Slavery here, slavery there; not the same

Published 12:28 am Wednesday, April 18, 2018

Knowledge is inherently good. But it’s even better when we can put it to use in making sense of the world around us. Like with the basic distinction, discussed in the last column, between societies-with-slaves, which were smaller in scale and less dependent on slave labor, and slave-societies, which were larger and more dependent.

That difference helps us to put slavery in the Antebellum American South into perspective, but also to compare it to slavery within Africa.

Because, without question, as historian Paul Lovejoy puts it, “Slavery was widespread in Africa before the development of the transatlantic slave trade.” On this point, black and white scholars agree. Let’s remember that slavery really was ancient in origin and nearly global in reach. It’s presence in 15th century Africa was not in any way extraordinary; its absence, though, would have been.

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But some say, therefore, that enslaving Africans in Mississippi was no different than enslaving Africans in Timbuctu. Up to a point, that is correct. In the narrowest sense, slavery was slavery, always and everywhere. In its “chattel principle,” people were treated as “moveable property,” and so could be taken from their families and homes, could be subjected to “social death.” And, in granting total power to one over another, slavery was, by definition, an invitation to abuses of power. These were ever-present realities of the condition.

Still, even if slavery in Africa was hardly humane, it was undeniably less inhumane than that in the South. The essential difference, though, was not some peculiarity of Africa. The difference is that between societies-with-slaves and slave-societies.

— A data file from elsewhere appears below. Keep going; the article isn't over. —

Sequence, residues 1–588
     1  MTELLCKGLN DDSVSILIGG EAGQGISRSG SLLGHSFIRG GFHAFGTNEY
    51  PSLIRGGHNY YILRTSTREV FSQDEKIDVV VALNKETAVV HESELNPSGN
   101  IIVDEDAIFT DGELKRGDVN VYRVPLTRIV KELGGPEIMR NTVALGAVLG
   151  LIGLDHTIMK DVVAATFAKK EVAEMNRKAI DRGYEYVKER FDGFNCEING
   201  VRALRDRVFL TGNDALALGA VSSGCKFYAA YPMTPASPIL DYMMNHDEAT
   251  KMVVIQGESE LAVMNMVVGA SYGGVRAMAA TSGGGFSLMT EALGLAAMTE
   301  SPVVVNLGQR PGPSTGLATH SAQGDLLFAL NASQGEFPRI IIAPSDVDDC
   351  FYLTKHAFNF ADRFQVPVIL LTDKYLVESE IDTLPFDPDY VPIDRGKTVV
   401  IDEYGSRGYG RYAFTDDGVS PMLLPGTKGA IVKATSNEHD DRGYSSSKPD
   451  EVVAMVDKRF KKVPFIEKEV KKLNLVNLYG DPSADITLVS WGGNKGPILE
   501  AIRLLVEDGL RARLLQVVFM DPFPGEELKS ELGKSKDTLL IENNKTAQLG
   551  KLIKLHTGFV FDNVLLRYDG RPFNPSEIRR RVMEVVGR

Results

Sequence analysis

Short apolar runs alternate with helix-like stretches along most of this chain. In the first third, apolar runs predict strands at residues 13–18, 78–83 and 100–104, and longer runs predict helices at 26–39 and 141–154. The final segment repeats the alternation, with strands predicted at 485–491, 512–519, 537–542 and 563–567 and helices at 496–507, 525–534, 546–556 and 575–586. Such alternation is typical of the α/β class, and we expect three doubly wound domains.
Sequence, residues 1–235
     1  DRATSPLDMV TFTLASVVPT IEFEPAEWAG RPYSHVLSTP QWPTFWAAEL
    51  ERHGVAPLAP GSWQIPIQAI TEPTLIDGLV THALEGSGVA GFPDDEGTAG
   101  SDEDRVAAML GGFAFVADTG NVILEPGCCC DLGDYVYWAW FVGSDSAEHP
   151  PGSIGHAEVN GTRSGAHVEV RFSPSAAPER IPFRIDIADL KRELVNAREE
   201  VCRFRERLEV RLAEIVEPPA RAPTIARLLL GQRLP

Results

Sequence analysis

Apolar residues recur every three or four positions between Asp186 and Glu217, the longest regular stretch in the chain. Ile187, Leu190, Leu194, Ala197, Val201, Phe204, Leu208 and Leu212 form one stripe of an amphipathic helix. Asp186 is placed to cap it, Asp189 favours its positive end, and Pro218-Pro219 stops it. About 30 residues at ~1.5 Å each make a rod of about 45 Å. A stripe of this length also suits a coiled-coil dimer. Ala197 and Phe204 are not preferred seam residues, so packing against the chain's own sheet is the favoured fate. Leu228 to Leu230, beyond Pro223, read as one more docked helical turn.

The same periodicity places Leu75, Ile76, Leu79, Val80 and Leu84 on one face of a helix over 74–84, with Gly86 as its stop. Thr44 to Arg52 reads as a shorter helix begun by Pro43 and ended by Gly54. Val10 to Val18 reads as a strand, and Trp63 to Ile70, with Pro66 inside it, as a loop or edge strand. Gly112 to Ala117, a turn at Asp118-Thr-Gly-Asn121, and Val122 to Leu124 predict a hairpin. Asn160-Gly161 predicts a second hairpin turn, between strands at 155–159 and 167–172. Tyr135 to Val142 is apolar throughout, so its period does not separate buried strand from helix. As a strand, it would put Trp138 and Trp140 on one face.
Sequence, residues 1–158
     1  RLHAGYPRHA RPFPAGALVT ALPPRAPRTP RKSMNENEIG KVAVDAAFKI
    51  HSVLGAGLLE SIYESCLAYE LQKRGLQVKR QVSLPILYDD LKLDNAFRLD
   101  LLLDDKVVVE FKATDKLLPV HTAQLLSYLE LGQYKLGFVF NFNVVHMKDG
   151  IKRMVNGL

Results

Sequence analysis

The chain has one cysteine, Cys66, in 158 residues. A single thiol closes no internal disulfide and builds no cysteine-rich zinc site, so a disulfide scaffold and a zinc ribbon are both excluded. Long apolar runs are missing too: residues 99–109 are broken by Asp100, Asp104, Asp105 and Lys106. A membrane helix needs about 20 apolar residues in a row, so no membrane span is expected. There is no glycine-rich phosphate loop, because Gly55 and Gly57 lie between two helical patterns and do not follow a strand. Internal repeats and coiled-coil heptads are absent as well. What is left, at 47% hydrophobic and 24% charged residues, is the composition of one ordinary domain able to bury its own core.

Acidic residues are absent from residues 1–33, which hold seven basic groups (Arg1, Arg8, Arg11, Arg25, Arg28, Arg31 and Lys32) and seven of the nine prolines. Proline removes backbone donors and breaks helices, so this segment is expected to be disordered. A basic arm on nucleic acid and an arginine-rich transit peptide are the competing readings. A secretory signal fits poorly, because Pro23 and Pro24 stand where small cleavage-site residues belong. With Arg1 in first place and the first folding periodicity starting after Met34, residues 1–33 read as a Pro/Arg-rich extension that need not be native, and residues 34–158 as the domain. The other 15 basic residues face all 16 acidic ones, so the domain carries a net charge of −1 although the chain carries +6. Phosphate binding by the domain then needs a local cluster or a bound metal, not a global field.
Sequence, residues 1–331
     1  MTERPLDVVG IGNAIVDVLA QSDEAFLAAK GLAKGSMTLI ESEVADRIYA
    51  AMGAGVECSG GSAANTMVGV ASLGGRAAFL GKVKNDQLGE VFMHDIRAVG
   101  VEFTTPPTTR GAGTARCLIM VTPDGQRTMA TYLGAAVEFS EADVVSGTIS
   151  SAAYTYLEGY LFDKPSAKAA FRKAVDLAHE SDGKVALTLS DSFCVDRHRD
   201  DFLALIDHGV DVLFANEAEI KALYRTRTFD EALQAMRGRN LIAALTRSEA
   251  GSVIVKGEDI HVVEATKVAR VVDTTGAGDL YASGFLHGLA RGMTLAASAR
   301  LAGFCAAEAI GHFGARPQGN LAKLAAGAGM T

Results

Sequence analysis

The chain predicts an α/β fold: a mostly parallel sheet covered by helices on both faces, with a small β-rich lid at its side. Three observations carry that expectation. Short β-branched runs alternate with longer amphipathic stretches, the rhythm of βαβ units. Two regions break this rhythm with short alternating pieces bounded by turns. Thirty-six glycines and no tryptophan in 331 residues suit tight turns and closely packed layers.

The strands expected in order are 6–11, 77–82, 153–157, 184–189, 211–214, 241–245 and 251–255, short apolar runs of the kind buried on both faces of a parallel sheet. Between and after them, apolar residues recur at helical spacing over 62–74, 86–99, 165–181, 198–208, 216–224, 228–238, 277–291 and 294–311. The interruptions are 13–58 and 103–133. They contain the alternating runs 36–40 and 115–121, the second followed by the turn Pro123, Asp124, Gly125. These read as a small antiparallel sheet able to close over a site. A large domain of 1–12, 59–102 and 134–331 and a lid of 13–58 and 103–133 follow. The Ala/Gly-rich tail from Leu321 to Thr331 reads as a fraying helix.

In Africa, slavery was practiced on a smaller scale. Though slaves might do some of the productive work, they were as likely as not to be household servants or concubines. Certainly, no African society was dependent on the institution. Since the work was less essential, it was generally less strenuous. Manumission (the freeing of individual slaves) was common. Slave status was usually not inherited. With no racial barrier to overcome, the enslaved were gradually assimilated into the enslavers’ society and even into their extended families.

By contrast, the Antebellum South was a slave-society. Those enslaved were primarily employed in productive, wealth-producing labor, work that was generally harder and more unrelenting. In the South, the manumission rate was far lower, in fact one of the lowest of all time. The rate of inheritance of slave status was far higher, one of the highest of all time. In comparative perspective, its rigidly racial resistance to assimilation lent it a multi-generational permanence that was unprecedented.

On slavery in Africa, there is, though, an unfortunate postscript. It goes without saying that the trans-Atlantic slave trade after 1,500 — simultaneously supplying three of the five true slave-societies of all time — was the largest in world history. As a result, an equally massive infrastructure of slave capture developed inside the continent itself. Of African states that had never depended on slave labor, some nonetheless became dependent on this massive slave trade. But when the British, the largest inter-continental slave traders by far, ended their participation in 1808, greatly reducing the demand across the Atlantic, the now well-greased gears of active enslavement continued to turn. So that, in the backwash of the abolition of slave-societies in the U.S., the Caribbean, and Brazil between 1833 and 1888, at least localized slave-societies developed in Africa for the first time in its history.

Western “Civilization” had come to Africa.

Jim Wiggins is a retired Copiah-Lincoln Community College history instructor.